Yasin Haji of Ethiopia won the junior title in a time of 23:42, but Kenya won the team title with 19 points, followed by Ethiopia’s 33 points, and Eritrea’s 52 points.
The day of racing led off with the junior women’s 6k race, as Kaitlyn Benner (Superior, Colorado) finished 27th in 21:45 to lead the American squad to an eighth place finish, scoring 177 points.
Following Benner were Lauren Gregory (Fort Collins, Colorado) in 33rd at 22:01, Katie Rainsberger (Colorado Springs, Colorado) in 55th at 22:49, and Valerie Constien (Edwards, Colorado) in 62nd at 22:58 to wrap up the scoring for Team USA.
Kelsey Schrader (Fayetteville, Arkansas) was 66th in 23:06, and Shaelyn Sorensen (Lake Elmo, Minnesota) was 68th in 23:10.
Ethiopia’s Letesenbet Gidey led her country to a sweep of the individual medals, running 19:48, and helped her squad win the world junior title with 11 points, followed by Kenya’s 33, and Bahrain’s 52.
For more on the IAAF World Cross Country Championships, please visit www.usatf.org.
Sara Hall (Flagstaff, Arizona)—I’m extremely happy with how I did considering the disappointment coming off the Los Angeles Marathon. I was surprised that I kept moving up. The record high temperatures in Boulder and Los Angeles (at the nationals and at the marathon) helped me out with the race today. After LA, I could barely walk, but (US senior women’s coach) James Li encouraged me to give it a day or so to see how it feels. I thank him for encouraging me to come out here.
I’m looking forward to doing some steeples or 10k races. I’m excited that the strength gained from the marathon is starting to translate to the shorter distances.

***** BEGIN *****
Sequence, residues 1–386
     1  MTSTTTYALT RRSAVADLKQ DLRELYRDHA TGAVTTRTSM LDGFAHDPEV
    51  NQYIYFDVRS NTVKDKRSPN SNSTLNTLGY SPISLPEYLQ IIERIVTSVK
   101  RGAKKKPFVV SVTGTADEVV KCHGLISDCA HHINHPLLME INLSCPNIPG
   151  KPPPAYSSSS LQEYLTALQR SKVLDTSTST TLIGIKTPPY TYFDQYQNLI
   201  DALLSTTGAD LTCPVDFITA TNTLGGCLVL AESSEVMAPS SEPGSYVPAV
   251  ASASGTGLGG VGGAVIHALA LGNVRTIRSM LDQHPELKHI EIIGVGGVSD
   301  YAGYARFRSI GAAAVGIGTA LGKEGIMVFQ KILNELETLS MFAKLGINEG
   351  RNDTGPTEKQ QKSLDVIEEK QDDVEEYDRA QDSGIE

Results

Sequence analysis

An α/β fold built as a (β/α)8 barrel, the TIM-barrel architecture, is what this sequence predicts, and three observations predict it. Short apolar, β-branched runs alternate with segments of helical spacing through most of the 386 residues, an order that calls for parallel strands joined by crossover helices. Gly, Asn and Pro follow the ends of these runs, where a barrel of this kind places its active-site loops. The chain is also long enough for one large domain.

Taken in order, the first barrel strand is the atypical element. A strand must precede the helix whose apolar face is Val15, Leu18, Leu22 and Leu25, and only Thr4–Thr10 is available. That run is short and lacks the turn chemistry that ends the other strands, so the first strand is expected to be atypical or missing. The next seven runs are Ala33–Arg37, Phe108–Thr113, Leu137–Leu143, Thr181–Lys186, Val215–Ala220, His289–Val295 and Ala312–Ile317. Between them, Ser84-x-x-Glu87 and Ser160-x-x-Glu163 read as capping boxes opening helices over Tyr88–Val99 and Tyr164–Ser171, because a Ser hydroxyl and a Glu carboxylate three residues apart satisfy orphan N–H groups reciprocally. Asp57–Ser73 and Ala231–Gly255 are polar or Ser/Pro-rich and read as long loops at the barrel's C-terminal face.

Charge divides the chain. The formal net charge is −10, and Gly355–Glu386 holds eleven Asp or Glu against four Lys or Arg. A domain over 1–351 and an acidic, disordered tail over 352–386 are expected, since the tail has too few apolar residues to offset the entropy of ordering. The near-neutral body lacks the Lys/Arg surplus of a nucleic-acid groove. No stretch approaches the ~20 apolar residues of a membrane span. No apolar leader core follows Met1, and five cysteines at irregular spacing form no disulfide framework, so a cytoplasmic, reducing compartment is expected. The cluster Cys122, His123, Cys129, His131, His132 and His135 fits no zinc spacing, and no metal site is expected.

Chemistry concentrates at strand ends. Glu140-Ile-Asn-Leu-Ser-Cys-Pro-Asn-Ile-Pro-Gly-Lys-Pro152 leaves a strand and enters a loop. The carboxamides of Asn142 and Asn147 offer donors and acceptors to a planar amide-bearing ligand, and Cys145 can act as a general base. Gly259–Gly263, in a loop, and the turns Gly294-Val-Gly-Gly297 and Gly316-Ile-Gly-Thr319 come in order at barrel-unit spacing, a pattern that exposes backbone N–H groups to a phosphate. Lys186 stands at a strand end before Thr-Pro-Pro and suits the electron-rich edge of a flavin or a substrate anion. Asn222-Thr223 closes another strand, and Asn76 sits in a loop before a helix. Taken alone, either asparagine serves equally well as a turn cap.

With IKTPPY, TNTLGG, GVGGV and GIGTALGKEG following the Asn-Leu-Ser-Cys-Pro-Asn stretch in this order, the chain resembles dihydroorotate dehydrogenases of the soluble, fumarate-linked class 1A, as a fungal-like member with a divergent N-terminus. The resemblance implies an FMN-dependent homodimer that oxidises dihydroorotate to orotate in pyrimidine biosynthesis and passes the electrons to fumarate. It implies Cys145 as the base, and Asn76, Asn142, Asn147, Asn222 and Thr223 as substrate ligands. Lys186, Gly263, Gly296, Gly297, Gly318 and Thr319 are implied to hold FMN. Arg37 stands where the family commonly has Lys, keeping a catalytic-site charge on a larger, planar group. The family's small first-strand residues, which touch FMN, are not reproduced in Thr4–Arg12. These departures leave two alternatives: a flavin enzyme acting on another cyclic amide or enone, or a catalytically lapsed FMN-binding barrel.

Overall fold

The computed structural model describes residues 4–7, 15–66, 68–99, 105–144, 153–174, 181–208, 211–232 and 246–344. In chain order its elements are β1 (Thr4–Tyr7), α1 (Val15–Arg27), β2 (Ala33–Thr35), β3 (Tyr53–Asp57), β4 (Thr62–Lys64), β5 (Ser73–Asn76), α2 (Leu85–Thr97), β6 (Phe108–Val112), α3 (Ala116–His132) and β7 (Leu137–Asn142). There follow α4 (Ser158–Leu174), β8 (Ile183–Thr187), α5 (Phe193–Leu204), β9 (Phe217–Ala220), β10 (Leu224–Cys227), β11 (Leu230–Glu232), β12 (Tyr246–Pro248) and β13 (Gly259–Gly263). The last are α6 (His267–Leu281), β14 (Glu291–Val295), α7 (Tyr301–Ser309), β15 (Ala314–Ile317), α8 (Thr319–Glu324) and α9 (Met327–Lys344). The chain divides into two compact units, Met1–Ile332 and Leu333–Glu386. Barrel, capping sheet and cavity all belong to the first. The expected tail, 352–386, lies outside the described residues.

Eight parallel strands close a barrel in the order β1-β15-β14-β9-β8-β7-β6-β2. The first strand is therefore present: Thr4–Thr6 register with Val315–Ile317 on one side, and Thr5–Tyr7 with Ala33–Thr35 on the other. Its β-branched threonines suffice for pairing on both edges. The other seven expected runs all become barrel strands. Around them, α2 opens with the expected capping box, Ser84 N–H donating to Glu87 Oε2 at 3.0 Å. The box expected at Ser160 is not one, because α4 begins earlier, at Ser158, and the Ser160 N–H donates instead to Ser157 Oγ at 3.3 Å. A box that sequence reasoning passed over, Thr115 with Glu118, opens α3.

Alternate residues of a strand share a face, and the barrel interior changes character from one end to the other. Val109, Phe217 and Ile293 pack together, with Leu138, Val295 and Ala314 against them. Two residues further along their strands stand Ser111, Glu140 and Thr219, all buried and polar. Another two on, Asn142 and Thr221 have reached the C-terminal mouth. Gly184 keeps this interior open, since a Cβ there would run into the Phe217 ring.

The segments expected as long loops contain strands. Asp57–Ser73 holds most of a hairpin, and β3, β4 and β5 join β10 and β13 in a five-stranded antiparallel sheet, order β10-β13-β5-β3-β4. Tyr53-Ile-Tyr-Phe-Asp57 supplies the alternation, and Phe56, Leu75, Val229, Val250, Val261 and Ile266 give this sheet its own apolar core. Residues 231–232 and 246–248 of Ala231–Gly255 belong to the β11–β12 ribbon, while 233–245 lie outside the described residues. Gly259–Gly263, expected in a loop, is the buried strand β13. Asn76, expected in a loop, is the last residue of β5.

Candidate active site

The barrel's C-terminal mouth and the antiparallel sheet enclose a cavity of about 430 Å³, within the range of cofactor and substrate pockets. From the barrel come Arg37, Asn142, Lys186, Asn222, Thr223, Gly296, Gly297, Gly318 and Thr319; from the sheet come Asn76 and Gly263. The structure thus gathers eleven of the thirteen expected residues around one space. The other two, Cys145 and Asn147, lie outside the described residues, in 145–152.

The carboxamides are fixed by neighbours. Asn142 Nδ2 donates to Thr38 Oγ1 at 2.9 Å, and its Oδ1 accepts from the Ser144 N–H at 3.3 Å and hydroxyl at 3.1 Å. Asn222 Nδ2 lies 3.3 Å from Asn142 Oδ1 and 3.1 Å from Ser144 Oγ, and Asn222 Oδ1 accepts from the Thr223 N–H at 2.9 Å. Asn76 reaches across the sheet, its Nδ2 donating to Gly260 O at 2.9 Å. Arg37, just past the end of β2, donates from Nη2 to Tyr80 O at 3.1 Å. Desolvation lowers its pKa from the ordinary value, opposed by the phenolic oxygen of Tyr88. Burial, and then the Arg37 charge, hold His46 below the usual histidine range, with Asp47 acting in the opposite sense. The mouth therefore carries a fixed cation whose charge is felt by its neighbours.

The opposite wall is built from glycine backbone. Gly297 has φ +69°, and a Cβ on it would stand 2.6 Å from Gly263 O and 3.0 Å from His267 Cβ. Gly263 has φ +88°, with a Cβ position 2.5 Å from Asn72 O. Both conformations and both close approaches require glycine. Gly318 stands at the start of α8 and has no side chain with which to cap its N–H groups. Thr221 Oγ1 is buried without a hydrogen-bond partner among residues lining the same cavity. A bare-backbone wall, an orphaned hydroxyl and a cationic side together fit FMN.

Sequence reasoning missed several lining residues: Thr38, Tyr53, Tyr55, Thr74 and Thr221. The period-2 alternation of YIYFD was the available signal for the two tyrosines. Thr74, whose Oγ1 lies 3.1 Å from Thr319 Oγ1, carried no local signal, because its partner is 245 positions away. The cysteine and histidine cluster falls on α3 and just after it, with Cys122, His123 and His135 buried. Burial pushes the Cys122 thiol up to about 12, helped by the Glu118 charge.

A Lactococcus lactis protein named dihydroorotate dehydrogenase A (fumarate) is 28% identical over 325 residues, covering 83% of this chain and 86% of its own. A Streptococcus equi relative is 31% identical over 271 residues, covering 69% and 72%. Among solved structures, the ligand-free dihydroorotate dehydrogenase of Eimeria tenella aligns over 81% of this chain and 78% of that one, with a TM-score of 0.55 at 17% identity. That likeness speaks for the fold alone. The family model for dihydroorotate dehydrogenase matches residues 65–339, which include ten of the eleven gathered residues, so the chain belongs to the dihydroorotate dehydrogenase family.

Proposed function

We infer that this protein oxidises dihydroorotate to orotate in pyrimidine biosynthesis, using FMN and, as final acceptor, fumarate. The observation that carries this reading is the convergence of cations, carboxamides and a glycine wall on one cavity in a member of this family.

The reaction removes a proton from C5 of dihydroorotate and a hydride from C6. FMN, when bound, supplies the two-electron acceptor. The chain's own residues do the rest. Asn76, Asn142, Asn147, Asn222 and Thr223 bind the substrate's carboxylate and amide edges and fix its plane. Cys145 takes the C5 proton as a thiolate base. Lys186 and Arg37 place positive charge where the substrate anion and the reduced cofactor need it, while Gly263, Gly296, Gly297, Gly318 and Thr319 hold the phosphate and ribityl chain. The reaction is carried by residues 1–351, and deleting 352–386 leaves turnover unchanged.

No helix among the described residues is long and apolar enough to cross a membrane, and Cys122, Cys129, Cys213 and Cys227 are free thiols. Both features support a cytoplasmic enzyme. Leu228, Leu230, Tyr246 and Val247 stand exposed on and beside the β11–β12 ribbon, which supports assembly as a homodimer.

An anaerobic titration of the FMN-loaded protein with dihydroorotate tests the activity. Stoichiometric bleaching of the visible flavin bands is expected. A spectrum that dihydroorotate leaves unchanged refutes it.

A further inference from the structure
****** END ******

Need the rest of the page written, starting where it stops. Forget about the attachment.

Chris Derrick (Portland, Oregon)—I started out in the 20s. There would be a point when I would surge, then I would feel the effects. This was a very tough course. There were points in the race where I thought that I could get four or five guys, but in reality I didn’t move. It was very disappointing, but I gave it all I had. It was a really hard race. I will have to go get the 10,000m standard at the Peyton Jordan meet.
Ryan Vail (Portland, Oregon)—I just did the best that I could. I knew that it was a tough race, and we gave it a shot. This course was really a lot tougher than it looked.
Conner Mantz (Smithfield, Utah)—I went out way too hard and I was behind my own teammates. We started super quick & nobody slowed down. I got hurt right before the Pan Ams & got hurt again two and a half weeks before this. My parents questioned whether or not I should come here. I might have run 30 miles this week, including the race.
John Dressel (Colbert, Washington)—I have to give Cerake credit for taking it out and giving us something to aim for. I had to be patient in trying to catch people.
The experience gained here will help when I go to the University of Colorado in the fall. It shows I still have a lot of work to do. I gave it what I could considering it’s the world championships.
Kaitlyn Benner (Superior, Colorado)—I tried to get out fast and not get sucked in. I tried to balance going out conservative, but not bury myself by going out too fast. I slowed down for a bit and dropped down to around 40th or so, then moved up.
It’s an incredible experience to be able to do this. It’s crazy to be able to run with the best of the best in the world. It’s a confidence booster to know that I can compete with the world’s best in my age group.
Contributed by Paul Merca